Less Active Dementia Patients Face Lower Quality of Life

Posted on December 5, 2016

Photo: flickr

Dementia patients living in long-term care often have very low levels of activity, and this strongly contributes to a low quality of life, according to a new large-scale national study by the Dementia Collaborative Research Centre and Griffith University in Australia.

Findings suggest that family members and staff tend to be less optimistic regarding the capabilities of dementia patients to become engaged in meaningful activities.

Dr. Wendy Moyle from Griffith’s Menzies Health Institute Queensland highlighted the importance of activity and just because people with dementia may be cognitively impaired, it does not mean that they should be excluded from any engagement in an activity.

She added on that by missing out in activities will only further lower cognitive ability, but also the potential for there being an unmet need in the person. Behavioural and psychological symptoms of dementia such as agitation and wandering may be exhibited and result in an increased need for medication.

The study involved 53 residential aged care facilities in Australia. The researchers measured the participation levels across 15 leisure activities for residents with dementia (five items indoors and 10 items outdoors). For the 191 residents who were able to rate their own activity, the average score was 11.4 out of 30, with zero being the lowest participation rate and 30 being the highest.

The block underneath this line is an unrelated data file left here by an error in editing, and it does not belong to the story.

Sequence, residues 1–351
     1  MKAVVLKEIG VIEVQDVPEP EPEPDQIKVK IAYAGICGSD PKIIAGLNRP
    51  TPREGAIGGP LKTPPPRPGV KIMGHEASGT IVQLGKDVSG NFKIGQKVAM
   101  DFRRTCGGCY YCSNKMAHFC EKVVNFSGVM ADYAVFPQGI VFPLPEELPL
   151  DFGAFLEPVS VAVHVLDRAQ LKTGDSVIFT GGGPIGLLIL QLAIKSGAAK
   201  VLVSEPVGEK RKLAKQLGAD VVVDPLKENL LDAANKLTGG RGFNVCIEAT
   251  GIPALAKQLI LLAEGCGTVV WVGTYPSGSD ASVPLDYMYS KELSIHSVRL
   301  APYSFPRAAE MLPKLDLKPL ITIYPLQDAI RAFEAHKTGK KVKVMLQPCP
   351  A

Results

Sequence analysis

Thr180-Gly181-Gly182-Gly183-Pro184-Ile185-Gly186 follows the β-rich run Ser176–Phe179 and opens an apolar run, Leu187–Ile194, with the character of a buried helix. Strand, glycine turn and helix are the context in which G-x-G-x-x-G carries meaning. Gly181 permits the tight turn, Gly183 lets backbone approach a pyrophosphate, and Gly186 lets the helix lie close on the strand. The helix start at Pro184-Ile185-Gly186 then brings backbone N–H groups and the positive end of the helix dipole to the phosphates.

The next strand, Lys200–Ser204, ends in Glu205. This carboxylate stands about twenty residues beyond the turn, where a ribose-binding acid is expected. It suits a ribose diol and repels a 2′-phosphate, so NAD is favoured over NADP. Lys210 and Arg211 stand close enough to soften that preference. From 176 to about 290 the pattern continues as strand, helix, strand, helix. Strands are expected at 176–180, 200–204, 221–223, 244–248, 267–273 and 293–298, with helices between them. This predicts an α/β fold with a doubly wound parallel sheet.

The average score of 9.6 was noticed among the 435 staff members who surveyed in the study. The score was even lower than the people with dementia who self-reported on activities. Family members were found to be the most pessimistic regarding the degree to which they believed their loved one with dementia could engage in leisure activities, with an average score of seven.
The study also tested the levels of cognitive impairment (brain function) and found that this was not related to the resident’s assessment of their activity participation.

“There seemed to a wrongly held assumption by staff and family with severe or late stage dementia, not capable of leisure activity or that they do not require the stimulation of activities. Although these people see themselves as having lower ability, in fact, they do have the capacity for a lot more,’ added Dr Moyle.

A similar pattern was noticed, as all three groups within the study rated those who they saw as more depressed, as having lower activity levels.

“Maintaining quality of life for people with dementia living in long-term care is important, as there is no cure for this prevalent condition,” said Moyle. “When people with dementia go into long-term care, there is a belief that they will be more engaged in activities and will experience an improved quality of life. This unfortunately is not always the case.”

Leisure activities are proven to be of relation to the overall quality of life and Moyle suggested a higher staff-to-resident rations in care homes, with the potential for integrating increased numbers of volunteers to provide more leisure activities within the care setting.

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Source material from Psych Central